Getting the atmospherics right

In a profile of John Boehner, the Washington Post reports that the likely Speaker to-be is committed to allowing Democrats greater freedom to have their say on the House floor and to letting them bring their proposals to a vote. I hope so. I also hope that he will end the practice of dumping massive pieces of legislation in Representatives’ laps and holding votes before they can read, analyze and digest the proposals. This practice takes the minority party — and many members of the majority — out of the process and, of course, tends to promote defective legislation.
Americans disagree profoundly about what substantive course the country should take. But nearly everyone agrees that the legislative process, whatever its outcome in a given case, should be fair. Americans believe, for example, that the Representative they send to Congress should be able to participate in the legislative process regardless of his or her party. They find it appalling when they hear of procedural antics that effectively shut out 40 percent or more of the members.
These kinds of antics are one of the reasons that Congress’s approval rating is so abysmally low – lower than the rating of even a reviled president (e.g., George W. Bush at his low ebb) or an unpopular ideology (e.g., liberalism right now). If they gain control of the House, the Republicans will end up taking some unpopular positions; the country is unhappy with the Democrats but it has not suddenly become a hard-the-line conservative nation. That’s why it’s particularly important to get the atmospherics right, so that the Party’s inevitable wounds are the result of principled conservatism, not unforced errors.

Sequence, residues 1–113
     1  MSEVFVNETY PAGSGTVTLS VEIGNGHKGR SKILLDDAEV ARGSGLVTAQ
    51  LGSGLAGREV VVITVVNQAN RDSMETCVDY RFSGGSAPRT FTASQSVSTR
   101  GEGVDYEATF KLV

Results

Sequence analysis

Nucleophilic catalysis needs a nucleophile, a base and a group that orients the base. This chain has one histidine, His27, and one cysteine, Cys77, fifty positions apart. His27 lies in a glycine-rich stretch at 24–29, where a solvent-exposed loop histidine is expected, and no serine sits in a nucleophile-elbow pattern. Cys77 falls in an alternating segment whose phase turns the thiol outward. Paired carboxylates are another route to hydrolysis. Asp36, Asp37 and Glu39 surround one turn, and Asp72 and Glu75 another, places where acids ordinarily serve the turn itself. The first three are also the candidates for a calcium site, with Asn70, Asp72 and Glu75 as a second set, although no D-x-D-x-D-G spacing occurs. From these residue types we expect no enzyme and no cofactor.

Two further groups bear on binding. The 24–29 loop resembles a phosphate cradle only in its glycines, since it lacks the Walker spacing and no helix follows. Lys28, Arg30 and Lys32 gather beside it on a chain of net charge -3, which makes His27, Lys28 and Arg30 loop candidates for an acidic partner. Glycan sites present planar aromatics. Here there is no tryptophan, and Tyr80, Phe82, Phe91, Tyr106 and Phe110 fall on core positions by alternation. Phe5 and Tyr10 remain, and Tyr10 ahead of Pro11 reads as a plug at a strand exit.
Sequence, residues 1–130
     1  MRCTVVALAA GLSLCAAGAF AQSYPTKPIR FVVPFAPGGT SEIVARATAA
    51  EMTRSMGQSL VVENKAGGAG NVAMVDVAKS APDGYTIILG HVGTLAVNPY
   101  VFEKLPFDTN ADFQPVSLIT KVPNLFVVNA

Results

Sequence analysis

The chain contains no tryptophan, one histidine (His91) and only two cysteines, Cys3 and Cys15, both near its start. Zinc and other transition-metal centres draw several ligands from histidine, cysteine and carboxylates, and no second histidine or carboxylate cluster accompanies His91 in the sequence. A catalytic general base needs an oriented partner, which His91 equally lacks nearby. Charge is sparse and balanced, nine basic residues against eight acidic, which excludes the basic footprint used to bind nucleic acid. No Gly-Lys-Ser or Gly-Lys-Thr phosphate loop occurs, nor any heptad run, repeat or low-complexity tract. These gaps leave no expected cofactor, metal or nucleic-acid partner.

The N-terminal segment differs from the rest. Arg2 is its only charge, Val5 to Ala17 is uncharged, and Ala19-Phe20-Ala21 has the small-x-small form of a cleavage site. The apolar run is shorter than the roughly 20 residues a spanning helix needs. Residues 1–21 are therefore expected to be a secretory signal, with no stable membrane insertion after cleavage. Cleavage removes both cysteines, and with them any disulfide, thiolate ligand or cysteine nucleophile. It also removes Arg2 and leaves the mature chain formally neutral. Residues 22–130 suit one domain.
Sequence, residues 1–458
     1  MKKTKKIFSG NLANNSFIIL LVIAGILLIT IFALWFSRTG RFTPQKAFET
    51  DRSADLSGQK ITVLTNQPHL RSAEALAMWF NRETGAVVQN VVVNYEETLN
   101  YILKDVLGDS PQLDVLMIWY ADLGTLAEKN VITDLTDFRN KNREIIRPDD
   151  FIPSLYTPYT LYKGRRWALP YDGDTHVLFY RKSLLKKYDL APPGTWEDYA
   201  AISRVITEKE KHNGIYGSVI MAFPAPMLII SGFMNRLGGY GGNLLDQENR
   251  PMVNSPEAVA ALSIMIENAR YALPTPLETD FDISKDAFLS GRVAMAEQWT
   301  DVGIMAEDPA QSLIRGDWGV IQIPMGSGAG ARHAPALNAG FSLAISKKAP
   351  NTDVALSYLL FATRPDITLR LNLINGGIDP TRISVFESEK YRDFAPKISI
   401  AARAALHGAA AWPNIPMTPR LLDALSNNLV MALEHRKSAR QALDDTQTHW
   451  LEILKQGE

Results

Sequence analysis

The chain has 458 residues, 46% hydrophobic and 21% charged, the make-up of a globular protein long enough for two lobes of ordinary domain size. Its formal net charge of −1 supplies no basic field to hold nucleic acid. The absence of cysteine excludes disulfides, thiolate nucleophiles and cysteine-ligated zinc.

It’s encouraging that Boehner seems to understand this. However, the temptation to stick it to the Democrats procedurally will be hard to resist when push comes to shove.
Earmarks are another big reason why Congress is so unpopular. So it was encouraging to hear that Rep. Jerry Lewis, a notorious proponent of earmarks who may become the Chairman of the Appropriations Committee, says he favors continuing a Republican moratorium on earmarks. Of course, Lewis is taking this position with an eye towards gaining the chairmanship, so his long-term commitment to the anti-earmark position is subject to question.
The other thing the House should do to get the atmospherics right is to vote itself a pay cut. But I don’t think we should have our breath on that one.
UPDATE: I’ve been reminded that the 27th Amendment states: “No law varying the compensation for the services of the Senators and Representatives shall take effect until an election of tepresentatives shall have intervened.” So Congress can only vote to reduce the pay of the next Congress, which it should do.